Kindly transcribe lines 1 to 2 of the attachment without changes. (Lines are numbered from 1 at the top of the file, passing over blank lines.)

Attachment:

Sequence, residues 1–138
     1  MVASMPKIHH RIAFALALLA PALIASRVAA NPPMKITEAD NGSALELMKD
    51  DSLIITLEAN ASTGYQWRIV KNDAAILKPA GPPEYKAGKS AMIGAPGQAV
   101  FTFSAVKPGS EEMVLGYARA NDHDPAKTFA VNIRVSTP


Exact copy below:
Sequence, residues 1–138
     1  MVASMPKIHH RIAFALALLA PALIASRVAA NPPMKITEAD NGSALELMKD